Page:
The 15 patients (10 females and 5 males) aged 1–30 years (median: 6 years), consisted of 13 children aged 14 or younger and two adults. Fourteen patients had either well-limited or ill-defined linear hypopigmentation along Blaschko’s lines, in a typical S-shaped, V-shaped or whorled pattern, more visible under Wood’s light, mainly located on the trunk and lower limbs, without lateral predominance (Fig. 2, Supplementary Table 4). One additional patient did not have linear hypomelanosis, but instead a hypopigmented patch of scalp hair, a segmental cutaneous flag-like hypopigmented patch on his shoulder, and iris heterochromia. Woolly/curly hair was found in four patients, but no other anomalies of the integument or mucous membranes were noted. Since a decrease in melanocyte numbers and melanosome maturation has been reported in ash-leaf macules of tuberous sclerosis patients harboring loss-of-function variants in TSC1 or TSC2, which encode upstream inhibitors of mTOR, we studied melanogenesis in patients with MTOR-related HI. Biopsies from hypomelanotic and normally pigmented skin in patients P05, P06, P11, and P12, showed fewer normal melanocytes per standardized field on Melan-A immunostaining compared with controls (mean = 15.8 melanocytes/field for control skins and mean = 5.2 melanocytes/field in HI skins, p = 2.6.10−9) (Fig. 3). On hypomelanotic skin biopsies, MITF expression appeared normal, since anti-MITF labeling in epidermal melanocytes was unchanged (Fig. 3). MITF labeling was either positive (P12) or absent (P05 and P06). We failed to identify downregulation of MITF in primary skin fibroblasts from one patient (data not shown).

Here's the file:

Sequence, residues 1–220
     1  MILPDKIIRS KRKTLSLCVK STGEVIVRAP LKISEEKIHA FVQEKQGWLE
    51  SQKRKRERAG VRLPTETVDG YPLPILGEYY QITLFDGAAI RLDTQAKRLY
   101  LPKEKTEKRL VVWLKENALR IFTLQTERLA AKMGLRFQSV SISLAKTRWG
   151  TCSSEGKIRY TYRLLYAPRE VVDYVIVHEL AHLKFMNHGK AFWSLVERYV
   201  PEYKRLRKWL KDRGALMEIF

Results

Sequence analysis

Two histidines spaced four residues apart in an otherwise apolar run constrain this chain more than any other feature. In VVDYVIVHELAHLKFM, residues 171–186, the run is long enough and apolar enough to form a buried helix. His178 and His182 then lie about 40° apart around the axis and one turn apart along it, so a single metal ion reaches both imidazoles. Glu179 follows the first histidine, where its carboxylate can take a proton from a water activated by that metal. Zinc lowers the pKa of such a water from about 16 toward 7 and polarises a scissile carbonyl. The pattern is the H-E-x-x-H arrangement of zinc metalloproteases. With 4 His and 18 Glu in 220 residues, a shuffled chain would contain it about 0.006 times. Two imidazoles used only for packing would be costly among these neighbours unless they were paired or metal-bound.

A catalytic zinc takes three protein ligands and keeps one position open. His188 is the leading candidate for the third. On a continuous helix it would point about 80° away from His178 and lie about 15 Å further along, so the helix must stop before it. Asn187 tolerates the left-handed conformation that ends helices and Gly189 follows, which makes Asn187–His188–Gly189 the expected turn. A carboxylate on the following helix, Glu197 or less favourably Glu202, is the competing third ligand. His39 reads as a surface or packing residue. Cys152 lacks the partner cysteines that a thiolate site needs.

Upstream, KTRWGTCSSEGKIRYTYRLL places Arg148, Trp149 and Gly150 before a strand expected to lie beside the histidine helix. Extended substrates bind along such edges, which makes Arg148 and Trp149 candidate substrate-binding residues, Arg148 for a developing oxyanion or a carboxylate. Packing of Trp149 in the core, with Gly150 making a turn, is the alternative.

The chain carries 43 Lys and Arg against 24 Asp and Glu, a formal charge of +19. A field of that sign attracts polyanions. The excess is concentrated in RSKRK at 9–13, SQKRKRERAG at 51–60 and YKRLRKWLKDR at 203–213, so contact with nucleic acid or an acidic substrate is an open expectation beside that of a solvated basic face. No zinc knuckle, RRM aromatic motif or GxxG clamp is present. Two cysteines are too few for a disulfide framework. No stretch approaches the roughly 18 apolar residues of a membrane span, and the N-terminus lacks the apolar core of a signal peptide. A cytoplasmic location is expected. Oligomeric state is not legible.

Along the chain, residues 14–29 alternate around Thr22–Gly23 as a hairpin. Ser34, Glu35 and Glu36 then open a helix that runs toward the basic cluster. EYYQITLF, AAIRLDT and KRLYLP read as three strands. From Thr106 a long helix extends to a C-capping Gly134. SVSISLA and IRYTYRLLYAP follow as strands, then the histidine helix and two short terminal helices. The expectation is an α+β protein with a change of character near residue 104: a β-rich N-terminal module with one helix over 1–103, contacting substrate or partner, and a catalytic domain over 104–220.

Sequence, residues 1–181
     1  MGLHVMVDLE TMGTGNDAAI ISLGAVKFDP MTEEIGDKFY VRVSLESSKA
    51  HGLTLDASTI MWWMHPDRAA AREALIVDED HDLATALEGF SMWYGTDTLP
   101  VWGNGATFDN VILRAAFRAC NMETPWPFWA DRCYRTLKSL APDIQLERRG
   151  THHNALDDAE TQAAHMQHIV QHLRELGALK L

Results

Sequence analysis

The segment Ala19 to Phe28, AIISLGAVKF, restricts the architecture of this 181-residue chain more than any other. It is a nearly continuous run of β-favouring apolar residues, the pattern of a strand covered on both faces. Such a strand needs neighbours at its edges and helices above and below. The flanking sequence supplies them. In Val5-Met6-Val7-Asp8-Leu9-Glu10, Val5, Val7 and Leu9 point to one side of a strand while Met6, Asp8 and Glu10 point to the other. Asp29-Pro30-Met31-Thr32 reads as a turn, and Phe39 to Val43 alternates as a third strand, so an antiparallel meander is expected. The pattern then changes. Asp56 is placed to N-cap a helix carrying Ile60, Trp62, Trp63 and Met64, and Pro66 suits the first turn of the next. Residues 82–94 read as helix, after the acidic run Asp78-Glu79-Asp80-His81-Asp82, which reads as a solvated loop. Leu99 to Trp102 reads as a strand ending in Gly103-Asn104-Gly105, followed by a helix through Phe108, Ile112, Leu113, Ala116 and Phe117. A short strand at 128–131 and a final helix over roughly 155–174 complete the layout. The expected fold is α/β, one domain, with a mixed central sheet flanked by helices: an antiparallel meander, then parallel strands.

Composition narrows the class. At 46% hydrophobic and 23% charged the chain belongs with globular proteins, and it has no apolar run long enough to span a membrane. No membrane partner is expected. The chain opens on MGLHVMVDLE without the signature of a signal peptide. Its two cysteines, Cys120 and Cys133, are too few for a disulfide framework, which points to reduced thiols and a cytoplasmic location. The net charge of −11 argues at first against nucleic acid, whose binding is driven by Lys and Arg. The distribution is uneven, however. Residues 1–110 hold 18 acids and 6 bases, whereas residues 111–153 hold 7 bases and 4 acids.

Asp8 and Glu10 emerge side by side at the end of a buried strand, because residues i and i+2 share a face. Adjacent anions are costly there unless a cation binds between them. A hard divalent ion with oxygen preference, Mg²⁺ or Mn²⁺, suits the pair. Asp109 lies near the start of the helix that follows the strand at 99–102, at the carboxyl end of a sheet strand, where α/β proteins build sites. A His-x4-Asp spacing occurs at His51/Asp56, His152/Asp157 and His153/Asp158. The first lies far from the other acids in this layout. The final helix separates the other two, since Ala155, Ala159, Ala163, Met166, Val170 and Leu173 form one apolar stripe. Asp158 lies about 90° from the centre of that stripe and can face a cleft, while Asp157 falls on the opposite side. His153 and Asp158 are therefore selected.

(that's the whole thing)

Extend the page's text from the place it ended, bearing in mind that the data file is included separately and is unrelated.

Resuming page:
In patients P12 and P11, the number of stage IV melanosomes were markedly decreased in 15 melanocytes from hypomelanotic skin (n = 378 and n = 282, respectively), compared with 15 melanocytes from normal skin (n = 577 and n = 362, respectively) (p = 0.03 for P12 and p = 0.0002 for P11) (Fig. 4). Likewise, the stage IV/stage I melanosome ratio in melanocytes from hypomelanotic skin was reduced by 61.9% compared with normal skin in patient P12, and by 87.3% in patient P11. Mean numbers of melanosomes per cell were also decreased in keratinocytes from hypomelanotic skin as compared with normal skin: by 75.0% in patient P12, and by 67.6% in patient P11 (p value = 8.2.10−16 and 3.8.10−15 for P12 and P11).